100 years since French daredevil pilot completed Arc de Triomphe stunt

100 years since French daredevil pilot completed Arc de Triomphe stunt
Charles Godefroy completes his Arc de Triomphe stunt in 1919. Photo: AFP
One French daredevil flier has been dominating the news in recent days - but it's 100 years since another pilot committed an even more daring stunt.

Early on a Thursday morning 100 years ago, a French WWI veteran took off on a secret mission that would propel him into the record books – a daredevil flight under the monumental Arc de Triomphe in Paris.

Charles Godefroy pulled off the stunt on August 7, 1919, to the astonishment of crowds gathered below on the Champs-Elysees.

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Zapata above the Champs-Elysées on July 14th. Photo: AFP

Dozens fled or threw themselves on the ground as the biplane whizzed just a few metres over their heads.

It was the same site where 100 years later French inventor Franky Zapata would wow Bastille Day crowds with his flying hoverboard.

Like other airmen who fought during World War 1, Godefroy took offence when pilots were ordered to march alongside other soldiers during the national Bastille Day military parade just a few weeks earlier on July 14.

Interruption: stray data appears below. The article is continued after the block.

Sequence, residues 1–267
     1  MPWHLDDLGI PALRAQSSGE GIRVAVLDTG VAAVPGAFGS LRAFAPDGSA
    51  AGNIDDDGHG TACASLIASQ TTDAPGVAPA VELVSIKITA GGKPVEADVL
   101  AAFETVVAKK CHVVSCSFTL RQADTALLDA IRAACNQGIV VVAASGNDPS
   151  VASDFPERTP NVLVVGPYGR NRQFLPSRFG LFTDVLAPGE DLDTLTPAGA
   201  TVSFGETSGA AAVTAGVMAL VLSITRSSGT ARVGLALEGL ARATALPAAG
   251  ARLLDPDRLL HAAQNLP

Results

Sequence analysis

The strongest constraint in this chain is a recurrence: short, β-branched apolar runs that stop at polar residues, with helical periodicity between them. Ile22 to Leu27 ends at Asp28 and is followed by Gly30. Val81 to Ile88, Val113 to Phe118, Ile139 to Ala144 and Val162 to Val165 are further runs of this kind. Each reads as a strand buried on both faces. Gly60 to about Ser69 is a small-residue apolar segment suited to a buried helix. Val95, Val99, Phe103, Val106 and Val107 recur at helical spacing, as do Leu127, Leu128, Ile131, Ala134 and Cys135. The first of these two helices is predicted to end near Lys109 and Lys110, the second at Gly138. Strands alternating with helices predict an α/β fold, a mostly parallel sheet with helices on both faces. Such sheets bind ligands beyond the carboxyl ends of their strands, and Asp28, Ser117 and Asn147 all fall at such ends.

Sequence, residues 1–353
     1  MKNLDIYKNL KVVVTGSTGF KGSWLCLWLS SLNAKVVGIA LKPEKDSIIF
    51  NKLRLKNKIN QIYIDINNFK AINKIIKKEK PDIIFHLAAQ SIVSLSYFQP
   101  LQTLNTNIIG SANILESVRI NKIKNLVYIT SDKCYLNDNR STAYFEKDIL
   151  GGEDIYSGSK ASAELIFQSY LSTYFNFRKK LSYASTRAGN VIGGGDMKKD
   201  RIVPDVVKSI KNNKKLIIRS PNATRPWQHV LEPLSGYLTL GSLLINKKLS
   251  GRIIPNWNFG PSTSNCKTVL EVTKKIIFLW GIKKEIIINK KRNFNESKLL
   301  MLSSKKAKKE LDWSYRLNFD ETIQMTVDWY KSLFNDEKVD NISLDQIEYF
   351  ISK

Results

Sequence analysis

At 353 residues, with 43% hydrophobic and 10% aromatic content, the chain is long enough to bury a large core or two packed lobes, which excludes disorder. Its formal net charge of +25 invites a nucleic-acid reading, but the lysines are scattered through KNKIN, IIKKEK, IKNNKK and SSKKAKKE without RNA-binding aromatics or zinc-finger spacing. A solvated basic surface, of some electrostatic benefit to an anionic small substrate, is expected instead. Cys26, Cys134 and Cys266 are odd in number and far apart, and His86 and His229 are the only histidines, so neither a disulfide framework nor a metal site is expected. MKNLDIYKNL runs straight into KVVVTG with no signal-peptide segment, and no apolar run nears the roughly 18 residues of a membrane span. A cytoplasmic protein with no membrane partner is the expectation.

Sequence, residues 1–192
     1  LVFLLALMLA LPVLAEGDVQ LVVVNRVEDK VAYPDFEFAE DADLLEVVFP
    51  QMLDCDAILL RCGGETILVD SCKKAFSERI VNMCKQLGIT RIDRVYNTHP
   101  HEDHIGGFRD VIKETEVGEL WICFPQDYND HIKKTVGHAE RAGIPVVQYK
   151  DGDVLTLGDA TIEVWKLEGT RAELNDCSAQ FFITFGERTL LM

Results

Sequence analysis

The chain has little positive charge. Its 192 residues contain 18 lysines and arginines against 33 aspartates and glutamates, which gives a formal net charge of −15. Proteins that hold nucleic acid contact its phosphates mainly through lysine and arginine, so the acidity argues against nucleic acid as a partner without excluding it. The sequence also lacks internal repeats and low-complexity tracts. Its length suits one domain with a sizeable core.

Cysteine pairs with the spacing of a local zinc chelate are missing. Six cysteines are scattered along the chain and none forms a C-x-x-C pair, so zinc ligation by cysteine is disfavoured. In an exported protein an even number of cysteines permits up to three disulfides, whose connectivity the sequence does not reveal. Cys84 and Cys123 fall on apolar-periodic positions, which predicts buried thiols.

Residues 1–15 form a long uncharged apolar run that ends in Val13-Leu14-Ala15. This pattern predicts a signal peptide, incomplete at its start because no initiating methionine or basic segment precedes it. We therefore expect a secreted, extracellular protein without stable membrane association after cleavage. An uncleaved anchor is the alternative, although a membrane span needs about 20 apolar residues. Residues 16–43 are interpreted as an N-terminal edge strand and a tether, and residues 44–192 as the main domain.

He was determined to remind the country of pilots' exploits and sacrifices during the war, and began preparing his flight with the help of a journalist friend, Jacques Mortane.

Other aviation pioneers had already renounced the attempt, including Roland Garros who claimed that trying to fit through the narrow 14.5-metre (48-foot) opening would lead to an untimely death, according to French historian Philippe Gras.

But Godefroy had practised by flying under a bridge at Miramas on the Mediterranean coast and chose a Nieuport fighter plane with a wingspan of just nine metres.

Mortane was waiting when Godefroy zoomed under the monument at around 8:00 am and captured the feat on film.

Despite having flouted any number of military rules, Godefroy got off with a mere warning from his superiors and became a hero in his hometown of La Fleche in western France, which erected a plaque in his honour.

Since then, several illicit flights under the arch have been made over the years while other daredevils have buzzed under the much wider arches of the Eiffel Tower.

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